I recently spent a long weekend on Sugar Lake in Seguin, Ontario. It’s a water body of modest size with a maximum depth around 60ft. Several internet searches made in preparation yielded practically no information, so I was left to rely on the friends I was staying with for information. Happily, I was not disappointed.
|What seems to be typical conditions on Sugar Lake, Ontario|
After an early morning excursion into Parry Sound with stops at Walmart for a license and a bait shop for minnows we hit the water around 10am. I was accompanied by Jay and Mike, two of my hosts, and my daughter Ella. She got the first fish of the day, a small rock bass. My three companions were using bait, either worms or minnows, and had better luck than I did. I used several different lures, including some large spoons and medium-sized stick baits. We hit up several different structure types, including deep bays, shorelines grading into deeper water, and rocky islands. After several hours on the water things had been fairly slow. We only boated a handful of smallmouth, the largest of which was around the 2lb mark. Perhaps the highlight of the outing was when Ella couldn’t find her bobber on the water. She asked me if it had gone under, and indeed it had. I finally spotted it about five feet down, with a respectable smallmouth attached to it. We didn’t come anywhere near getting that one to the boat, but Ella had fun just the same. Later that afternoon I fished off the dock for a bit, with no luck.
|Jay with, what I am told, is a typical Sugar Lake smallmouth.|
Day two got off to a better start when morning dock fishing yielded a few modest smallmouth. The fish seemed to like a silver Rapala husky jerk about 3″ long. After heading out in the boat our first stop was along an island shoreline we tried the day before. I hooked into a smallie estimated to be two or three pounds, but it shook the hook after a brief fight. The next few spots produced minimal excitement.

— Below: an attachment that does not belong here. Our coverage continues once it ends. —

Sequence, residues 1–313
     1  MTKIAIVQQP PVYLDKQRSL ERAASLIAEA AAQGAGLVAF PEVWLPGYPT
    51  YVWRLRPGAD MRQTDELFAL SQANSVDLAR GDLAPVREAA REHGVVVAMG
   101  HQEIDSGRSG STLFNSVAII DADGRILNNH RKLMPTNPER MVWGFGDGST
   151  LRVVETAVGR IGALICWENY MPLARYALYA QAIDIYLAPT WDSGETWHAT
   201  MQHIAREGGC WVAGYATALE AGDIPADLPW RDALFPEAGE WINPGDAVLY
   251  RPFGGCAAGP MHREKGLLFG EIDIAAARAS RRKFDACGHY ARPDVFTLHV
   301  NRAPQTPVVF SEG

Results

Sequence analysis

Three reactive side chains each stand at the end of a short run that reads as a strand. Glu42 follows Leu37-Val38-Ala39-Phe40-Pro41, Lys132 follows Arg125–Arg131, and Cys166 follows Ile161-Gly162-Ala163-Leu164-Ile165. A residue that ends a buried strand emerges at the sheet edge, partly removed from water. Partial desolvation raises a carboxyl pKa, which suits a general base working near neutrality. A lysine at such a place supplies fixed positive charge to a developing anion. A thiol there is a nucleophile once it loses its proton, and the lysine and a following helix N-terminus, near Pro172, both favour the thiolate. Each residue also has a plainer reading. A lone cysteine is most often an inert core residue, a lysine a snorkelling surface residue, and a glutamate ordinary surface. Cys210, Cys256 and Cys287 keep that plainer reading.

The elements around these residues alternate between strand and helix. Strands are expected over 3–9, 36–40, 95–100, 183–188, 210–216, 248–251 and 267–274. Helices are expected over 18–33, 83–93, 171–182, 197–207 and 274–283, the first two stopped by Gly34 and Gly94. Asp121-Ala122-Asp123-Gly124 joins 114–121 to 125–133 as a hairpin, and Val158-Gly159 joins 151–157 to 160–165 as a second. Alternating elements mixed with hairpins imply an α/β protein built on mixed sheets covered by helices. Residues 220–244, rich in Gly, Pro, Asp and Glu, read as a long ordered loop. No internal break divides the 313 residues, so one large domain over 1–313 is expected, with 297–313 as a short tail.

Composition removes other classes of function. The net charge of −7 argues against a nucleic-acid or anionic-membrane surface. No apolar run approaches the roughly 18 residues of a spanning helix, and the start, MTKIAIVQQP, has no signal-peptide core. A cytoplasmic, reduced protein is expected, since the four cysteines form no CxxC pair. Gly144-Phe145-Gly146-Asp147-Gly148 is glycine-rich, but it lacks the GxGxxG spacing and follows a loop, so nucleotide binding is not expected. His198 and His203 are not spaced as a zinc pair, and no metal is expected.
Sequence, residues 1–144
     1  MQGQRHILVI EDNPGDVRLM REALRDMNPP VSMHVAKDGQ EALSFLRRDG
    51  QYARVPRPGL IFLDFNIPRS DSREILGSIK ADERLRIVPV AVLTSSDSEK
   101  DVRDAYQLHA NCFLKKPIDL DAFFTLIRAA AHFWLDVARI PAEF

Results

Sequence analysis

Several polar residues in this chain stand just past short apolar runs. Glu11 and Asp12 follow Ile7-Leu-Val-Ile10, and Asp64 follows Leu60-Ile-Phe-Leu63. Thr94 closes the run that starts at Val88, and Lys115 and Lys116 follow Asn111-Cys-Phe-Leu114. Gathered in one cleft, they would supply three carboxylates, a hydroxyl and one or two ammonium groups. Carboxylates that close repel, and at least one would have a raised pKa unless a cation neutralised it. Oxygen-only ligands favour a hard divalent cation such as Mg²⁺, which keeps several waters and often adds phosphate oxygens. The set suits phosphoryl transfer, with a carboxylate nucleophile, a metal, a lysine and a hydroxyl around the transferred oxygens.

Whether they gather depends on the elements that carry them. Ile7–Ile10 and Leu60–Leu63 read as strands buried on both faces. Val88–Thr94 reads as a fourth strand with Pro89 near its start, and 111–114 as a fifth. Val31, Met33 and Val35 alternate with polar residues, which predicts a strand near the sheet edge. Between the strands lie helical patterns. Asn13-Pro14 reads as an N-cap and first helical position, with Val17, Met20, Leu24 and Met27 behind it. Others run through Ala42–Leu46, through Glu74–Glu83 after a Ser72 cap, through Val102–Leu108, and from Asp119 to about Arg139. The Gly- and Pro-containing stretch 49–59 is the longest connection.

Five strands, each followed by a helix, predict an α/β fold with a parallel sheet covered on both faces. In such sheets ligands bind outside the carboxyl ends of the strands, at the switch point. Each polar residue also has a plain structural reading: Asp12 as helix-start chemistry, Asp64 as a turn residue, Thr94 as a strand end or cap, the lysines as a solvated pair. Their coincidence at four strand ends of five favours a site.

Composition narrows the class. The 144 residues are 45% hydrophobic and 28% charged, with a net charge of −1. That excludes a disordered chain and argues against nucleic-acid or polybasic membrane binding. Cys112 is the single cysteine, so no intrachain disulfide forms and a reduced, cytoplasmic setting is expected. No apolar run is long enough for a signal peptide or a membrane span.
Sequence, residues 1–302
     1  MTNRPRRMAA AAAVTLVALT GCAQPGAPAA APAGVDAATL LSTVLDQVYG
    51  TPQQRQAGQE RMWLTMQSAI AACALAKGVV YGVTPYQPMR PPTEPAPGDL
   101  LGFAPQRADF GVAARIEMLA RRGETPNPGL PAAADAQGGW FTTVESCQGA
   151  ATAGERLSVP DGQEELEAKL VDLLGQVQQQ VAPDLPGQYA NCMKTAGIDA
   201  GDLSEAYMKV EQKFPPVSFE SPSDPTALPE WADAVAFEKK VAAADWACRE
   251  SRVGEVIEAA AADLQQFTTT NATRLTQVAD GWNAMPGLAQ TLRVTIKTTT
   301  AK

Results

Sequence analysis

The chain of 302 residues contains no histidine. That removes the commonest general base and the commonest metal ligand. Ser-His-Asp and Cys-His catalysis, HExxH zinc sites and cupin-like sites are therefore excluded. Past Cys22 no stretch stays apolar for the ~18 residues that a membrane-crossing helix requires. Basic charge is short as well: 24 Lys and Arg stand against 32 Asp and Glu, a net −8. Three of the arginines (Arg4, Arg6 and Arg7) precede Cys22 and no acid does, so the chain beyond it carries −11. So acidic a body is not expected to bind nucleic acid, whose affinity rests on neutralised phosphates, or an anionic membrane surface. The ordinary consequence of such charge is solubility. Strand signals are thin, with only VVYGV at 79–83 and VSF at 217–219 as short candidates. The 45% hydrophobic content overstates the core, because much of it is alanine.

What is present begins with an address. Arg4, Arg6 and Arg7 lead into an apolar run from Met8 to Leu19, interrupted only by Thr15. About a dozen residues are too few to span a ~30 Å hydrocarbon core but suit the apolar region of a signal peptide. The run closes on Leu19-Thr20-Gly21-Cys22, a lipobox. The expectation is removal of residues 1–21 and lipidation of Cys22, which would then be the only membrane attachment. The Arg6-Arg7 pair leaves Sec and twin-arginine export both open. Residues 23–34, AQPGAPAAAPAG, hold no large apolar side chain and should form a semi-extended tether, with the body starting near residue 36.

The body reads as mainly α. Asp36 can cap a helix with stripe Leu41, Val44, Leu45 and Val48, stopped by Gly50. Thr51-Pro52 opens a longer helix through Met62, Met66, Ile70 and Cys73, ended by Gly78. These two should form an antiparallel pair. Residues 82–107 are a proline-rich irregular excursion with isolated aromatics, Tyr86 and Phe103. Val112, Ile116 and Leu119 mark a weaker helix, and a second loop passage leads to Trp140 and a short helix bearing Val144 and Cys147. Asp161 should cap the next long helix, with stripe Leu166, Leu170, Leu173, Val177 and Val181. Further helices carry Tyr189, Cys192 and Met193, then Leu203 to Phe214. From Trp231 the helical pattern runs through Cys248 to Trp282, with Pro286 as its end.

Our final stop of the day was at an island with a rocky drop-off. I cast my silver Rapala and had a strike the second it hit the water. After a late hook set I had it on just long enough to get a jump, then it was off. It looked like a three-pounder. Jay had the next fish of note, on a perch-pattern Rapala. After a decent fight we got it to the net, a respectable fish in the four pound range. Things seemed to slow down with lures, so Jay switched back to bait. Mike, who had been using worms and minnows all along, tied into the next good fish, also about four pounds. Shortly after that I made a bad cast and had to break of my trusty Rapala, which prompted me to give the nightcrawlers a try. This decision was rewarded shortly thereafter when I set the hook on what certainly felt like a significant fish. Sadly, my drag was still set high from breaking off my lure. One good tug was all it took for the fish to end the fight.
|Mike with a smallmouth that fell victim to the humble worm.|
After a bit of dock fishing that afternoon with the kids we hit the water for an hour or so trolling for pike. This was not a terribly formal operation, but it had potential to work. Mike drove while Jay and I each manned a trolling rod tipped with a large, jointed plug. We made a large, amoeba-shaped circuit around various islands, channels, and shorelines. Our efforts were unproductive, but we had fun anyway.
We rounded out the experience that evening with smallmouth fillets, bathed in buttermilk, breaded and fried in butter. All who partook agreed that it was excellent. It was easily some of the best smallmouth I have ever tasted. I suspect it was the cold Canadian water but it may just as easily have been the combination of a relaxed vacation spent with good company.